So what can be done?
Given the impact on the environment and the sheer number of resources it takes to create cow-loads of food, there’s only one option. If we want to eat for the planet, carnivores have to come too. And that means the answer has to be clean meat.
Last week, that future flickered fully into view, with Singaporean authorities approving the world’s first clean meat product for sale.
For years, clean meat has seemed like a far-off dream, as plant-based meat like the Impossible Burger took the limelight.
But now real meat made (almost) without killing is here. The lab-grown chicken nuggets produced by US company Eat Just come from chicken cells taken in a biopsy and grown in a bioreactor with the aid of plant-based nutrients. They look and taste like chicken, because they are chicken. Just produced without a chicken brain or nervous system or the need for pain. (The one remaining issue for vegetarians is the need to use low levels of foetal bovine serum as a growth accelerant, with much research focusing on this.)
What does this mean? It means in the near future, killing animals to produce muscle meat to cook is going to feel downright antiquated. Why go to all the expense of breeding, rearing and fattening animals for their meat if you can grow meat in bioreactors?
When you kill a cow, its body yields around 40 per cent of its live weight as saleable meat. When you grow a slab of muscle in a bioreactor, you have minimal waste. By bypassing slaughter, you avoid the risk of the animal’s bowel contents accidentally contaminating the meat. You avoid antibiotics and hormones many livestock are pumped full of to accelerate their conversion into meat. In short, you have far greater control and monitoring over the way we produce our main source of protein.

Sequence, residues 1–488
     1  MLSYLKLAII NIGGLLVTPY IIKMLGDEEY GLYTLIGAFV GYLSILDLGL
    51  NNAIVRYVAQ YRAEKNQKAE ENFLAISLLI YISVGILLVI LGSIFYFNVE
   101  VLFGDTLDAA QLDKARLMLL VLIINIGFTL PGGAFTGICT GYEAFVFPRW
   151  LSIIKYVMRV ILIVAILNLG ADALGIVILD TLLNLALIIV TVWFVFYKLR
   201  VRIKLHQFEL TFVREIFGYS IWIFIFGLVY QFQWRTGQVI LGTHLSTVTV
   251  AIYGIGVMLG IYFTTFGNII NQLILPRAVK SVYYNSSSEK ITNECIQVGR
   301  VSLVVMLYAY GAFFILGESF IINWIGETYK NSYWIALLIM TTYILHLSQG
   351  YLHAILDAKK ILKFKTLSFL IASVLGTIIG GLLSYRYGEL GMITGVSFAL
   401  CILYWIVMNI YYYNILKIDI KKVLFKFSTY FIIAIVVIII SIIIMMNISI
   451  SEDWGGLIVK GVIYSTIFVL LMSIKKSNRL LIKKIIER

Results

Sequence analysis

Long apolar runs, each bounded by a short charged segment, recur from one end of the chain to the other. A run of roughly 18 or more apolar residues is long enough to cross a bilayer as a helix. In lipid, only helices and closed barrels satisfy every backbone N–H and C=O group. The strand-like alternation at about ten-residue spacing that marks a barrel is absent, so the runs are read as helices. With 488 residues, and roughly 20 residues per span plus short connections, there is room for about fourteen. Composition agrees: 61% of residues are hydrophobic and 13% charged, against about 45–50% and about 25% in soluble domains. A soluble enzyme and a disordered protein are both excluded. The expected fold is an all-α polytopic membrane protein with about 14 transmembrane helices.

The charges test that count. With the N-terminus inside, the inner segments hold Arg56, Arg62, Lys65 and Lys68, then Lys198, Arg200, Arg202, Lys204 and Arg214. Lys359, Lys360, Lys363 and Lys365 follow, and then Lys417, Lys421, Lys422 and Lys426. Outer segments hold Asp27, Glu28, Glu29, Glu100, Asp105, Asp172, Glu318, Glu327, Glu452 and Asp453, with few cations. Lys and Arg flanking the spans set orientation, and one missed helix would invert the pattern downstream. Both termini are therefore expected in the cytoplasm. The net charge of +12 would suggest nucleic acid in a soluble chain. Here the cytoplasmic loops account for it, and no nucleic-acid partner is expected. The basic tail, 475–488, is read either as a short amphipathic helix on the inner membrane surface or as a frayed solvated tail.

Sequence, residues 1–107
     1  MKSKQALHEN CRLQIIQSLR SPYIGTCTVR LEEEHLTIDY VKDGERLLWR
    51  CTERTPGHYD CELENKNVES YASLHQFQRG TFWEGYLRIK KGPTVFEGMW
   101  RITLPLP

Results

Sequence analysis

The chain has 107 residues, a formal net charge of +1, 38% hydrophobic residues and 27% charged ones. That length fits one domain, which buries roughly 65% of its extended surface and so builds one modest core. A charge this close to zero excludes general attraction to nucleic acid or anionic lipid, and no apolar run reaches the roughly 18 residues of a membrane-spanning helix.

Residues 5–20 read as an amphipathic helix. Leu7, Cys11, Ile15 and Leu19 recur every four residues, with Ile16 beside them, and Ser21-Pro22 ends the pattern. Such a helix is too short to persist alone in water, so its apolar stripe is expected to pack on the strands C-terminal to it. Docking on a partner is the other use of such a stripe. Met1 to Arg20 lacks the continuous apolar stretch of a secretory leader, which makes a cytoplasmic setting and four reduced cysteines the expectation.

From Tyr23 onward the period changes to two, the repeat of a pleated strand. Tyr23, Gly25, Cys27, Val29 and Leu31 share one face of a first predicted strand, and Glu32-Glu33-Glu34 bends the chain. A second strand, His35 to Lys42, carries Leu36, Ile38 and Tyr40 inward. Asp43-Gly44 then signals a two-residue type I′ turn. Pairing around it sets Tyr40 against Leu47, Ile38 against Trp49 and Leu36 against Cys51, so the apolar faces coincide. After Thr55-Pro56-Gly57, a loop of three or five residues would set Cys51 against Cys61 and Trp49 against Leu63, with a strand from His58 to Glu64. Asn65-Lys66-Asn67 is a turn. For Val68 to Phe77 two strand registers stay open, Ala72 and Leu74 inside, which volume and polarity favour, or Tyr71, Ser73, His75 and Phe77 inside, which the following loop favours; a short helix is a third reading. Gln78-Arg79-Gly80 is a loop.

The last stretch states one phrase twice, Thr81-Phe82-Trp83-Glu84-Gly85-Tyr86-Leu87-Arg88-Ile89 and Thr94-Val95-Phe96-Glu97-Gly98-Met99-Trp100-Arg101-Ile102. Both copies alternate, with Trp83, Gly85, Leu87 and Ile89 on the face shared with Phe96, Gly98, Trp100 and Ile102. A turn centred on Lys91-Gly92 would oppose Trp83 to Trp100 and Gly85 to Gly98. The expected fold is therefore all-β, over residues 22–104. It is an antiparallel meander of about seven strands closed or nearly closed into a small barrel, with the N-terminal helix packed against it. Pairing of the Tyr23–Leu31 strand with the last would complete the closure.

People will switch not because of ethics or squeamishness. They’ll switch because it’s meat, done cheaper and safer.
That will mean huge changes for the world’s meat industries – and for the landscape. As the human population has grown, so too our appetite for meat. Our repurposing of forests or grasslands for ever-growing pastures to feed the animals on which we rely is one of the largest changes we have caused to natural systems in our industrious efforts to feed ourselves. Humans and the tens of billions of livestock animals on which we rely account for 96 per cent of all mammals left on earth.
So – let’s not rely on wishful thinking and the belief that we will all switch to plant diets. We won’t. Instead, let us put effort and resources into making clean meat a reality.
Now, most clean meats still cost more than their traditional equivalents, and require higher energy inputs. That doesn’t mean it wont work. Demand will drive costs down and improve output, just as we have seen in renewables. The wind turbines of 2020 produce around 10 times as much energy compared to those built in 2000.
Once clean meat costs less than traditional meat, people will test it out. We’ll be curious about how it was grown. It may even attract an initial ick factor. But in time, growing meat in industrial food facilities will become the norm.
Traditional meat will still exist in the future. But so, too will petrol cars will. It will be a minority pursuit. Carnivore purists will still hold tight to their traditional meat, even when it costs more than the alternative.
Everyone else will go to the supermarket, head to the meat aisle and buy slabs of clean meat that look – and taste – exactly the way meat should. Because it is meat.
Doug Hendrie is a Melbourne writer.